Nontraditional student walks Camino de Santiago and continues path through law school

by Sarah Carlson,

  • Jennifer Trundy JD'19 completed her walk on a route of the Camino de Santiago in May.
    Jennifer Trundy JD'19 completed her walk on a route of the Camino de Santiago in May. Here, she stands, just finished with her walk, in Santiago de Compostela, Spain.
  • This is a hamlet in Galicia, Spain.
    This is a hamlet in Galicia, Spain. The yellow arrow on the building shows pilgrims the way to go. Trundy had about 37 miles to go to finish her route at this point.
  • Trundy stands at Finisterre.
    Trundy stands at Finisterre, what was thought of as "the end of the world," back when people thought the earth was flat. They thought this point was where the world ended.
  • Trundy posed for a photo on her fourth day on the Camino.
    Trundy posed for a photo on her fourth day on the Camino. The bridge behind her is from the 13th century.
  • Trundy explained the "Wizard of Oz" to some German pilgrims along this part of the route.
    Trundy explained the "Wizard of Oz" to some German pilgrims along this part of the route, because it reminded her of the Yellow Brick Road. This is close to Astorga, Spain.

After spending 15 years as the wife of a military officer and building a resume with a list of varied jobs, Jennifer Trundy JD'19 started law school at age 48. With fellow students older than her children and professors younger than she is, you’d think she is a little out of place. But, as she goes into her second year, she knows she’s on the right path.

Trundy said her first year of law school has been good for the most part, although law school isn’t easy, and there are social challenges to being an older student.

“I hadn’t taken a final in 25-plus years,” she said. “I joke that my brain is fuller than when I was younger.”

During study breaks, Trundy needed a goal to work toward in order to be doing something physical. For a dozen or so years, she had wanted to walk part of the Camino de Santiago, a network of pilgrim routes that goes across Europe and ends in northwest Spain. So, she studied hard, walked a lot, and bought her tickets to Spain last October, completing the trip in May.

“They say your Camino starts when you step out your door,” Trundy said. “I feel like mine started when I began school last fall. My start to law school was a bit of a whirlwind — I took the LSAT in June 2016, applied and was accepted in mid-July and started in August. So really, the last year has been quite a life-changing journey.”

Trundy had lots of time to think during her walk. She traveled 151 miles in 13 days, walking nine to 16 miles a day on varied terrain. She brought headphones but never listened to them. Instead, she passed the time thinking or talking to other people along the route.

She met a Spanish man who spoke little English, but was able to make do and communicate with her for about five hours before he left the trail. A 60-year old couple from Zurich had walked more than 1300 miles in 89 days and told her they could buy almost anything, but not the experience of the Camino. She spent another few hours with a Franciscan friar from Poland and more time with two German ladies.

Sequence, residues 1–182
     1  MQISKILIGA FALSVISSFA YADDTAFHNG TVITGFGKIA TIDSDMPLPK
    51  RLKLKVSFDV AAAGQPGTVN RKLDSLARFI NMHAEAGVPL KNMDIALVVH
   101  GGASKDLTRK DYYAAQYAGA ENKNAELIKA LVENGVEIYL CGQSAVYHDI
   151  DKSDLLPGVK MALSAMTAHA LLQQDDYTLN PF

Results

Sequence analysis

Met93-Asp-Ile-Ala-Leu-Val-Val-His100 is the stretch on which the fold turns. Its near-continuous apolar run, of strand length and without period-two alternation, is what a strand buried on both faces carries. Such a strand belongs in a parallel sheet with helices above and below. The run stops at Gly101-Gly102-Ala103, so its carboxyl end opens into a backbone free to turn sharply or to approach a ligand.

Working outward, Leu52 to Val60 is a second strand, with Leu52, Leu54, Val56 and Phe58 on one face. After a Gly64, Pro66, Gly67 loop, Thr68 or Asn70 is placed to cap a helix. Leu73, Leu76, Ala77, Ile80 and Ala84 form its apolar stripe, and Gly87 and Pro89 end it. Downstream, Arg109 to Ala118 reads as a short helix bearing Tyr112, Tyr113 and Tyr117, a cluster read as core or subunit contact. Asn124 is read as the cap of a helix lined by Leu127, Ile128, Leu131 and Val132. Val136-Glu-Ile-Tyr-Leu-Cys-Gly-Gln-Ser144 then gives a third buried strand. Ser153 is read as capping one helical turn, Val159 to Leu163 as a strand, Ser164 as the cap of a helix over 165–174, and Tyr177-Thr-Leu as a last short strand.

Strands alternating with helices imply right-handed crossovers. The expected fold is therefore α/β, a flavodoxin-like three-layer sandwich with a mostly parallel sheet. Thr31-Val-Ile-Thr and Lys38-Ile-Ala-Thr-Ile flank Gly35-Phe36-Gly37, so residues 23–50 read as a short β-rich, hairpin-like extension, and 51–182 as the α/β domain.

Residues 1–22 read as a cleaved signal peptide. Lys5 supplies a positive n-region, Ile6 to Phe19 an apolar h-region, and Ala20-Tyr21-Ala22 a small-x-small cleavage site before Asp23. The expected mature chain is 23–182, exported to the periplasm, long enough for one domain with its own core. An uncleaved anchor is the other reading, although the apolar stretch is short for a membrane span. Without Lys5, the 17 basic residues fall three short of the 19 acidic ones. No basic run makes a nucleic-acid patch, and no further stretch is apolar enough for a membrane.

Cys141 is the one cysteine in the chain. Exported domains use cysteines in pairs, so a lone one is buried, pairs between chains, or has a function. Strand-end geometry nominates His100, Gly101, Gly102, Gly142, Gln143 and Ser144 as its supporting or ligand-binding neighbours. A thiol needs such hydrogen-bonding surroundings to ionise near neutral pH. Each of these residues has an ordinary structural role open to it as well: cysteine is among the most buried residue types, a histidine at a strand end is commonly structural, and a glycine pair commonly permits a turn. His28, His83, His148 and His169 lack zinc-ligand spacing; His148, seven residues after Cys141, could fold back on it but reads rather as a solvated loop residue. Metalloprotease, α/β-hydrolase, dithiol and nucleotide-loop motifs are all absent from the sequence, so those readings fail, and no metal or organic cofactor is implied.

“We were walking on a road that reminded me of the ‘Wizard of Oz,’” Trundy recalled. “They hadn’t seen the movie, so I tried to explain it. I’m sure I sounded crazy.”

Trundy said she could tell lots of stories about the people she met. As they go on their way, the pilgrims wish each other a “buen camino” — good way. When she wasn’t talking to people, Trundy considered her law school journey.

“I thought about law school often as I walked. I thought about the last year, the coming years, what the future holds, the rock in my shoe,” she laughed. “There are some parallels, in that there are times at the end of the day when I was exhausted and thought, ‘Why am I putting myself through this?’ Then you have a glass of wine, get some sleep, and wake up the next morning ready to face the day’s challenges head on.”

During her time on the Camino, Trundy experienced blisters, a swollen knee and a torn ankle tendon. She ended up skipping a section when her knee started swelling, but finished the final 62 miles to earn her compostela, a Latin certificate confirming the completion of the pilgrimage.

Trundy said the sights and scenery along the Camino are beautiful. In the future, she may return to walk another route. For now, she clerks at the Department of Justice, hoping to eventually practice elder law and help veterans. She awaits the start of her second year of law school.

“It sounds so cliche, but if you want to do something, just take the first step,” she said.

About Willamette University College of Law

Opened in 1883, Willamette University College of Law is the first law school in the Pacific Northwest. The college has a long tradition at the forefront of legal education and is committed to the advancement of knowledge through excellent teaching, scholarship and mentorship. Leading faculty, thriving externship and clinical law programs, ample practical skills courses and a proactive career placement office prepare Willamette law students for today's legal job market. According to statistics compiled by the American Bar Association, Willamette ranks first in the Pacific Northwest for job placement for full-time, long-term, JD-preferred/JD-required jobs for the class of 2014 and first in Oregon for the classes of 2012, 2013, 2014, and 2015. Located across the street from the state capitol complex and the Oregon Supreme Court, the college specializes in law and government, law and business, and dispute resolution.

Willamette University

University Communications

Waller Hall, Fourth Floor
900 State Street
Salem Oregon 97301 U.S.A.

Back to Top